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Properly wearing the OA sash on the uniform

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  • Properly wearing the OA sash on the uniform

    The uniforming guide says the OA sash should only be worn over the right shoulder. From the guide it states: worn over right shoulder, under epaulet of tan shirt. (OA sash is never worn on belt or with merit badge sash.)

    Interestingly, I see boys and adults in our district wear the OA sash hanging off their belt for COHs or other special events. Im an OA member and Ive politely told some that was not appropriate. The response I get is no response or they dont believe me. Im the only OA member that will not hang it off my belt at COHs. I leave the sash at home and save it for OA functions where I can wear it over the shoulder. The lodge flap is sufficient to tell others that Im a member of the OA.

    Do OA members in your council or district do the same? Does tradition buck the uniforming guide?

  • #2
    Yes, I do see this at official functions. When boys want to wear both their merit badge sash and their OA sash, it is common to see it worn at the belt. I do think tradition bucks the uniforming guide.

    I actually think this looks pretty reasonable as a uniform. I'm not sure what the rationale is for prohibiting it. I've never been enough of a uniform policeman to tell anyone it's against regulation.

    Comment


    • #3
      I don't have it in front of me but I believe you can find the rationale in the OA Handbook which spells out that the OA Sash is to be worn only at OA functions, or, if worn to other functions, when serving as a member of the OA. It is not meant to be worn at Troop meetings, including the COH, it is not meant to be worn at Summer Camp (unless it's worn to an OA function like a call-out ceremony), it is not meant to be worn on a campout, or Scout Sunday, or community flag raising or- well, anything that isn't an OA function or where you aren't representing the OA.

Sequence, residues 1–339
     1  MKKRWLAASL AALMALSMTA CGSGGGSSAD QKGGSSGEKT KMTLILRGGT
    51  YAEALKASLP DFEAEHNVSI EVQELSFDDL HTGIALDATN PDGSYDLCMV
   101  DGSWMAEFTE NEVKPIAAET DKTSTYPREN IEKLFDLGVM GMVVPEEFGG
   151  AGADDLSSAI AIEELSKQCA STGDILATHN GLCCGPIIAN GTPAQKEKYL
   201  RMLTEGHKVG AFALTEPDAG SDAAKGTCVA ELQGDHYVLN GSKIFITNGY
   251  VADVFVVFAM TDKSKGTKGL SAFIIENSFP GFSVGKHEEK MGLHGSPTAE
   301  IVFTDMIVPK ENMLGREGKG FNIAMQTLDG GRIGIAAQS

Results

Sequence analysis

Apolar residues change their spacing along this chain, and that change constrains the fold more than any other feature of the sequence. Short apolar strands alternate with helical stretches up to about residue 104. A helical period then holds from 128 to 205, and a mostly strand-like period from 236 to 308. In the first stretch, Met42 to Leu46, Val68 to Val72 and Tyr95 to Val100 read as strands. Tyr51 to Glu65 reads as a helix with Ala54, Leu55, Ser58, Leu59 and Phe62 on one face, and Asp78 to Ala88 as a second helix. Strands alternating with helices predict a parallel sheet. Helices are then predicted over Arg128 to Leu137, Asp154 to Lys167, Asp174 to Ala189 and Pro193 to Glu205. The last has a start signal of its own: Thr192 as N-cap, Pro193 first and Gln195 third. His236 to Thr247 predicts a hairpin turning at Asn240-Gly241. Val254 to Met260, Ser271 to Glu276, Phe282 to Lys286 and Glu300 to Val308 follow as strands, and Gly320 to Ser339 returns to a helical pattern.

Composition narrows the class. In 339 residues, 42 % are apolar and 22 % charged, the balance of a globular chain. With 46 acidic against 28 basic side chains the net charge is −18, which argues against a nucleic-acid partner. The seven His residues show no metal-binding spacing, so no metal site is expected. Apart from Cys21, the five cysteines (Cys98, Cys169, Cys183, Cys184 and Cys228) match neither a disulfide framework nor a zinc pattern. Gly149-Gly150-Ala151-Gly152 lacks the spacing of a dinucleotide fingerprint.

When to wear it? OA Ordeal/Brotherhood/Work Weekends, OA Banquet, Chapter Meetings, Lodge Meetings, OA Ceremonies, OA Elections (the election team should be wearing their sashes and I wouldn't find fault if the OA members in the unit wore their sashes for that meeting), Webelos Cross-over Ceremonies (if the OA is doing the ceremony - with one caveat, the ceremony folks from the OA should be wearing the sashes, the receiving unit's SPL & SM, and the sending units CM & WDL (if members) should not since they aren't actually representing the OA), and anytime one is representing the OA. For instance, your Troop's OA Representative (if you have one), may do a camp promotion at a COH (what? You mean you've never thought of having your OA Representative do the camp promotion at a COH? Why, that's one of the things the OA does!) and he should wear the sash while doing so - but none of the other OA members of the Troop should be wearing their sashes, and since they have no reason to be wearing the sash, why do they have it with them?

      I'm not a big fan of the sash being worn over the belt, but I'll admit I've done it, as have a lot of folks I know, when attending a function wearing a couple of different hats - I would tend to give a lot of leeway to a member wearing the sash over the belt until they performed in their OA role then putting it back over the belt when done with that role.

      Wearing it over a merit badge sash? Well, that's just plain bad fashion sense.

      Comment


      • #4
        What CalicoPenn says.

        Frankly, a lot of this wearing the sash when it really isn't proper makes it seem showoffy. Example: all the scouts wearing it at a COH, etc.

        The OA flap patch AND OA ribbon dangle are your 'day to day' items on your uniform to show your OA membership. The OA sash should ONLY be brought out, as noted by CP, when you're representing the Order.